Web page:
You can read more about Taskade roles and permissions in our Help Center (click).
Finally, let's talk about Scrum events (aka "ceremonies). In short, Scrum events are time-boxed instances where the real Scrum
magic work happens. Apart from a Sprint, Scrum defines four major events: Sprint Planning, Daily Scrums, Sprint Reviews and Sprint Retrospective.
As described by the Scrum Guide:
"The heart of Scrum is a Sprint, a time-box of one month or less during which a "Done", useable, and potentially releasable product Increment is created."
A Sprint is where all the intel and planning accumulated in Scrum artifacts is put into practice. During Sprints, the Development Team tackles a set portion of items from the Sprint Backlog.
Every Sprint consists of four events:
- 📝 Sprint Planning. At this stage, the team decides how they'll execute the next Sprint. The planning stage is time-boxed and limited to 8 hours for every 1-month Sprint. Scrum Master moderates the discussion and makes sure the team follows Scrum tenets
- ⏱ Daily Scrum. Daily Scrums are 15-minute team meetups that happen in the same place and time throughout a Sprint cycle
- 👍🏻 Sprint Review. During Sprint Reviews, the team sums up the work completed during a Sprint. Reviews are time-boxed and shouldn't be longer than 4 hours
- 🧠 Sprint Retrospective. During retrospectives, the team reflects on the latest Sprint cycle. The discussion revolves around the quality of the Sprint and possible improvements in oncoming iterations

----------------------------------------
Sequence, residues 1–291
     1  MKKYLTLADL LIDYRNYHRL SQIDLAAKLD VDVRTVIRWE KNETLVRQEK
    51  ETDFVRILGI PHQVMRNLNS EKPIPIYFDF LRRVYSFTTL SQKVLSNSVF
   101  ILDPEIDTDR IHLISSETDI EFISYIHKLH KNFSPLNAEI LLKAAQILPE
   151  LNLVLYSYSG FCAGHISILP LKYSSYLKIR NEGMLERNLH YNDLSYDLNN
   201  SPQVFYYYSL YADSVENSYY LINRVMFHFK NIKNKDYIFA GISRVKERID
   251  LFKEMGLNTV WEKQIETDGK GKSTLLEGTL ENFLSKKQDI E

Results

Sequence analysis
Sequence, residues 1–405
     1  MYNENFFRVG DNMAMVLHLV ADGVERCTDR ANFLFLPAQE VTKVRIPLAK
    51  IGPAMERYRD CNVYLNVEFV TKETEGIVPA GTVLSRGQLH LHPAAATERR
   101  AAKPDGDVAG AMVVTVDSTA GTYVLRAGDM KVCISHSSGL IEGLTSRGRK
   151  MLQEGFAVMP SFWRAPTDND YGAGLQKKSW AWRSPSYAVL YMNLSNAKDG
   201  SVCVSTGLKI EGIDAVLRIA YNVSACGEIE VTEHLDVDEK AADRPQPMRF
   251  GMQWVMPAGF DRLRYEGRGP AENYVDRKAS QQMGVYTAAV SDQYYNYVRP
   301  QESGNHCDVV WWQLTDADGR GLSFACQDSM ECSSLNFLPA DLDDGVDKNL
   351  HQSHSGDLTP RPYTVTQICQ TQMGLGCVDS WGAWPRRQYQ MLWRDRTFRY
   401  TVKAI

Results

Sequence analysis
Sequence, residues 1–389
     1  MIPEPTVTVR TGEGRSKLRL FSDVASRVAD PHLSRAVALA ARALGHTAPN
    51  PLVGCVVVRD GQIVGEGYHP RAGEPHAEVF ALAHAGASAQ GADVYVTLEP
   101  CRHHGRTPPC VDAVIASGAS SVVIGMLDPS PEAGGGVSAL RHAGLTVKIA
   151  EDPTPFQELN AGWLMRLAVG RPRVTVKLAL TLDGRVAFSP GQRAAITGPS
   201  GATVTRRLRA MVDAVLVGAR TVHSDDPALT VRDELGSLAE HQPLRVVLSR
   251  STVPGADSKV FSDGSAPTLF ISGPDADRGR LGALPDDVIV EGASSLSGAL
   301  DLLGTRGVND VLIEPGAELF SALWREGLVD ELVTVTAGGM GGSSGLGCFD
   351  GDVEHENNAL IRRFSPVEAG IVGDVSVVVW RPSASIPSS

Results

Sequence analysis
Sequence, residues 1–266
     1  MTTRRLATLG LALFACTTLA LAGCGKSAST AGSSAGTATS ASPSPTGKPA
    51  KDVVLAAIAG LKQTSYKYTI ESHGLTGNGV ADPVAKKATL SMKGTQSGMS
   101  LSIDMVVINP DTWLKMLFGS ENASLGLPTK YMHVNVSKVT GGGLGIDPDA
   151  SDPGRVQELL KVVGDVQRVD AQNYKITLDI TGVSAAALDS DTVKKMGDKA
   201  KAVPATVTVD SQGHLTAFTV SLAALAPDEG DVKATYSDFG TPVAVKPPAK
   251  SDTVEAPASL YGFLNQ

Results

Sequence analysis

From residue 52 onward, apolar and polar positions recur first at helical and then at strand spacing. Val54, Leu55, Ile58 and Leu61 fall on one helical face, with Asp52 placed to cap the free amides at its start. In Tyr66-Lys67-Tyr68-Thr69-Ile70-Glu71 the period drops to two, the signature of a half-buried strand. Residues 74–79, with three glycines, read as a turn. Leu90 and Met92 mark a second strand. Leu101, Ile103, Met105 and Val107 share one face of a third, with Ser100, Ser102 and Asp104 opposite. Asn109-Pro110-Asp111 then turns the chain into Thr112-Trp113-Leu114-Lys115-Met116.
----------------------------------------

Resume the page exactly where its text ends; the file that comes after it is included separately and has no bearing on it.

Sprint events are all about effective and efficient communication. For that reason, every remote Scrum team should be able to exchange information in a way that replicates the tangible experience of on-site collaboration.
Thre are two ingredients that make this possible: 🗣 A frictionless, unified channel of communication and 📝 a digital, collaborative whiteboard. The goal here is to bring remote work and conversations to the same plane.
Communication efficiency by channel via ZTE.
For instance, whenever your distributed team wants to discuss a Scrum Backlog, they should be able to do so within one environment rather than splitting workflow between two siloed apps.
In Taskade, projects are essentially digital whiteboards that combine collaborative editing with chat, video and voice communication. To further simplify the process, Taskade comes packed with customizable templates of Scrum boards, meeting agendas and much more.
Considering how frictionless online collaboration has become, building a hybrid or 100% remote Scrum team is no longer a challenge it used to be. All that's required is a paradigm shift in the way leaders assemble, organize and supervise their teams.
At the end of the day, it all boils down to cultivating the right work habits and replicating some of the best "local" practices in a remote environment. When we combine these ingredients with a healthy dose of remote camaraderie, remote Scrum becomes a truly agile alternative to on-site collaboration.